This week’s installment of Crashing the Crease is about the gear we use as goalies that seems to entitle the public to the criticism and bad goals that everyone loves (the title wasn’t self-referencing, despite what my teammates may say).
For those who haven’t put on the pads before or have done so incorrectly, this should serve as a primer on what it is we wear and hopefully provide some insight should you decide to don the gear. I’ll address some of the manufacturers and tweaks guys have made to their gear in a later post. Because goalies are creatures of habit, I’m going to walk through gear basics in the same order I get dressed for a game.
The First Layer — Basic Clothing
Almost all goalies use some slightly different clothing setup underneath all of their gear. I won’t spend too much time here, as it’s really a matter of personal preference. I know guys that wear sweat pants and a tank top or hockey socks and no shirt. Some people like kevlar hockey socks to make sure they can’t get cut by a skate when an attacking forward crashes the crease (see what I did there?). I like Under Amour Heat Gear pants and long-sleeved shirt, personally, as it keeps me feeling cool and somewhat even, temperature-wise.
The Second Layer — Extra Protection
This is the gear that I personally hate to wear, but have come to learn I have to put on. We’re talking about additional padding to protect knees, groinular areas and clavicles / necks.
Jocks and Jills
Starting with the most important component in this area, I hope I’m safely correct in saying that all goalies wear a jock or a jill, depending on personal preference, to protect their naughty bits. After some close calls, I’ve really come to prefer the protection and peace of mind that a double cup offers.
Most of these are pretty standard in design, with some additional padding in the pelvic. I’d include a pic of mine, but there are nicer things to look at in life. Here’s a link to a top-of-the-line Vaughn unit. The concept and function are simple: absorb impact and dissipate energy. If the jock / jill doesn’t work, you can imagine what the consequences are.
Thigh and Knee
The next component, the knee / thigh guards, are more widely ranging in design. You’ve got pieces that range from a pretty simple thigh guard…
…to a hard shell knee guards with thick lower thigh protection.
Why choose one over the other? I could say personal preference, but there’s actually a strong influence from the leg pads worn by the keeper, primarily from the knee cradle, an area I’ll discuss shortly.
If the goaltender’s pants aren’t large enough, movement can also feel pretty inhibited. I used to wear Vaughn Velocity 2 leg pads which were pretty tight in the knee and had smaller landing gear (again, will discuss shortly). My pants at the time were 18-year-old Vaughn goalie pants, which were basically player pants with extra padding. Due to this configuration, I was using a pretty minimal knee guard, as nothing else would fit. After switching to some newer gear last November, I made the jump to the hard shell knee guard shown above (held up with a hockey garter belt, of course).
Neck and Clavicle
This is the third major component of the second layer, and I’m also starting to feel like I’m describing a Taco Bell meal. I don’t see as many guys wearing this because the clavicle is often covered by the chest protector and the neck is covered by the mask, but some prefer to use a unit like the one pictured below:
Goalies should be taught to not turn their heads away from the puck if it’s going to hit the mask, as I’ll detail later, but even the best can get caught off guard sometimes. The neck is easily and dangerously exposed in this case. Equipment such as the neck guard above or the more protective neck and clavicle shirt below provide additional coverage should a shot sneak through:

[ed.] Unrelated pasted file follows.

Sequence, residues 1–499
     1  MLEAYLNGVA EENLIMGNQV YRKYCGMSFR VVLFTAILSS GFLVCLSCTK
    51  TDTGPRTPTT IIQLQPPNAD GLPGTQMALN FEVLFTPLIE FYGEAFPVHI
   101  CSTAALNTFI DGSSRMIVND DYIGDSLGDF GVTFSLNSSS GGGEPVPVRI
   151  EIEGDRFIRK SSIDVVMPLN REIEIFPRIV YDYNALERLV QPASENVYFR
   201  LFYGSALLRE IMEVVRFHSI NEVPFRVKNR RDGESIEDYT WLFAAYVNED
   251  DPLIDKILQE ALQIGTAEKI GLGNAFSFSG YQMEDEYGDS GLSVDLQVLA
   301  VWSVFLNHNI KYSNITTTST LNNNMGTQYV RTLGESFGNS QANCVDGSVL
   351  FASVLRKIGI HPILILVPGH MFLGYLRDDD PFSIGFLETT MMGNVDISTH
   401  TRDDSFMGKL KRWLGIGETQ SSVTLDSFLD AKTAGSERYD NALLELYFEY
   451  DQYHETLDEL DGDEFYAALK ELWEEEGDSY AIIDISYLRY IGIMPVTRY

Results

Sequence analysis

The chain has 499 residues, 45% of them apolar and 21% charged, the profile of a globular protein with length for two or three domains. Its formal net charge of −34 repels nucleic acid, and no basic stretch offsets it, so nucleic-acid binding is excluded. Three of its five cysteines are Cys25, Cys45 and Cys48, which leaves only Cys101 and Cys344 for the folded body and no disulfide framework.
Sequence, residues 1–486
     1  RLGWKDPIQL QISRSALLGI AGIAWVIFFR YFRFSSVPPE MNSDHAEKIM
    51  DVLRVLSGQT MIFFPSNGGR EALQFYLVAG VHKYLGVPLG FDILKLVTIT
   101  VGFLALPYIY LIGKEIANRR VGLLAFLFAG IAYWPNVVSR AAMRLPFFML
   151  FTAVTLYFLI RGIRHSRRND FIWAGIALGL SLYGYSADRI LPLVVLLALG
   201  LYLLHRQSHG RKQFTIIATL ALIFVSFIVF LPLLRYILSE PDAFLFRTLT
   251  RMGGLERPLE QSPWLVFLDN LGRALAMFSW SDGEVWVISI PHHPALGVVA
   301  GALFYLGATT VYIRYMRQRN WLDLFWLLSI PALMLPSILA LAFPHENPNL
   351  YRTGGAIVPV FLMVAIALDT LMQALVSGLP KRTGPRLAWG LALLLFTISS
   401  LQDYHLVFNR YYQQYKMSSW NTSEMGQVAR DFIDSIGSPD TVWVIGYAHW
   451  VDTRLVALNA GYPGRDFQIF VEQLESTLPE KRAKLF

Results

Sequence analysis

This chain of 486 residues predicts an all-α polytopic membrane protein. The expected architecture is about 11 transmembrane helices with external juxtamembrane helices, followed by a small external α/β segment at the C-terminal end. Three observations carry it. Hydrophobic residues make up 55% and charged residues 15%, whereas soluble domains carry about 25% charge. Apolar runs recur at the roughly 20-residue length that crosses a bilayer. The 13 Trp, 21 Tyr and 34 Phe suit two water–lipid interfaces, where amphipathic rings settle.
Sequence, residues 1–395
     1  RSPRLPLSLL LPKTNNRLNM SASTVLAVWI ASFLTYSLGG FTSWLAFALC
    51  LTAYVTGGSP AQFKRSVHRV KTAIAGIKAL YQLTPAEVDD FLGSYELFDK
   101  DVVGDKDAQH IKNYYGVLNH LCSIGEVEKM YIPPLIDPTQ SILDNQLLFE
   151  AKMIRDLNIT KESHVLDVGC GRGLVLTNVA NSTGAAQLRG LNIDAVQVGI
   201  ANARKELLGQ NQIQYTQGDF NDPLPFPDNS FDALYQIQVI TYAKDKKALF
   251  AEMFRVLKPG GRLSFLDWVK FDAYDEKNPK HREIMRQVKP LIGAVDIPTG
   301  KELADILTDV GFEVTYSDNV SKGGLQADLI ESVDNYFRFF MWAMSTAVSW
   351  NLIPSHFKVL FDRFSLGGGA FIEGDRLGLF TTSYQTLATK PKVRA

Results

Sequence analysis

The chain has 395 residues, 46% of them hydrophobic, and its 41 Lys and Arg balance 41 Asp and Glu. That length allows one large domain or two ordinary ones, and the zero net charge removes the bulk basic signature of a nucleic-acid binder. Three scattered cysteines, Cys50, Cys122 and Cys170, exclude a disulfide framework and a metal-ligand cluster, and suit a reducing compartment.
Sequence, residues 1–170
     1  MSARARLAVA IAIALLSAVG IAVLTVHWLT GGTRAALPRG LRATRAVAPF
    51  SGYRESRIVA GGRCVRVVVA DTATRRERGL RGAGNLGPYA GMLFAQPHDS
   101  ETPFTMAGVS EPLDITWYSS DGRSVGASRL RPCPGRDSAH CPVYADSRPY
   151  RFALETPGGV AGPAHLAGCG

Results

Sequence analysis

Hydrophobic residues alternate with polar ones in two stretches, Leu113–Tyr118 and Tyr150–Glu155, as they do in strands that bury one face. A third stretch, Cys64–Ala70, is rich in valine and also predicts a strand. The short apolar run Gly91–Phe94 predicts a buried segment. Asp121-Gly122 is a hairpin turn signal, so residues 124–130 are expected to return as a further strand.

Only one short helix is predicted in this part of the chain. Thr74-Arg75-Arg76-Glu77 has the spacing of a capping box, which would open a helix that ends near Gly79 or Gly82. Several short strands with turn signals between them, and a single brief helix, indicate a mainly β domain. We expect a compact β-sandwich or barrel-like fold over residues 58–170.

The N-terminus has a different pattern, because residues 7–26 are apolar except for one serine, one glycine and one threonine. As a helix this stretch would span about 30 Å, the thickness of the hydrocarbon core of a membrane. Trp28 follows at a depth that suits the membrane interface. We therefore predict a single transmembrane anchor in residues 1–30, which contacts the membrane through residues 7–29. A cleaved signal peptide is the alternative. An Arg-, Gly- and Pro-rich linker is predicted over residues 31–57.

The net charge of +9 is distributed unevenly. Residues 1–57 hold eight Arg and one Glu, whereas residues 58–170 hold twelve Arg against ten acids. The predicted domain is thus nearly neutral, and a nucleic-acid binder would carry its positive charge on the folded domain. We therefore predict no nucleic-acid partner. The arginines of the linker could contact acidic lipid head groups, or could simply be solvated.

The nice part about the neck guard is that it provides some level of cut protection, as well. While the likelihood is low, no one wants to see another Malarchuk incident happen (warning: the video is graphic and not linked here).
The Third Layer — Outer Gear
I’ve never put much into pants. I basically want a pair that will protect well, let me move quickly and provide good blocking area. I know some guys put a lot of effort into finding the perfect pair, though, so I’ll just have to admit my knowledge here is lacking.
Inside a typical pair of goalie pants, you’ll find some pretty obvious padding differences from player pants. The biggest one I’ve noticed is that the thighs and pelvic region are beefed up, as are the inner thighs. Outside of that, I’d say they’re like snow pants in comparison to regular pants: the same thing, but just bigger, a little more cumbersome and better padded.
Perhaps the most critical part of the goalie gear pile is the skate. The other gear is important, but a bad pair of skates can stop a netminder before he even starts.
The goalie skate starts with a low-cut player’s boot, in essence. Since goalies typically need more ankle flexibility to get into a deep crouch, a high boot is not preferred. Of course, there’s Martin Biron, who puts a roll of tape around each ankle before games. He says he did it because he saw Felix Potvin do so, but it also does seem to mimic a player’s boot while holding his well-aged skate boot together.
The white part on the Bauer skate is called the cowling, and this is what prevents your slapshot from breaking my foot. Although the kick save has dropped nearly off the face of the earth, there are still times when the inside of the boot or the toe of the skate take a shot directly, and it’s at that exact time that the clown shoe appearance of my skate becomes completely irrelevant.
A lot of people operate under the misconception that goalies should basically play on a flat, dull skate blade so they can shuffle well. This couldn’t be more wrong. For those who aren’t entirely familiar with skate sharpening, here’s a quick rundown.
The more traditional skate sharpening has two main components: hollow and radius (this is for all skates). To understand hollow, imagine the bottom of your skate blade as it typically comes out of the box: completely flat.
Take a circle of a certain radius and put it “into” the steel, as shown above. Looking below, you can see this is done with the grinding wheel to a depth typically dependent on the hollow, although I’ve had bad sharpenings where this didn’t exactly happen.
This gives the bottom of your skate a “hollowed” out portion with an arc shape that allows you to dig into the ice. The smaller the hollow, the sharper the skate is and the more it bites into the ice. I actually prefer a 3/8″ hollow, which is relatively sharp, as it allows me to move more explosively. If the edge is biting a bit too much, I’ll run my skate over the dasher board by the bench a couple of times to take a little edge off.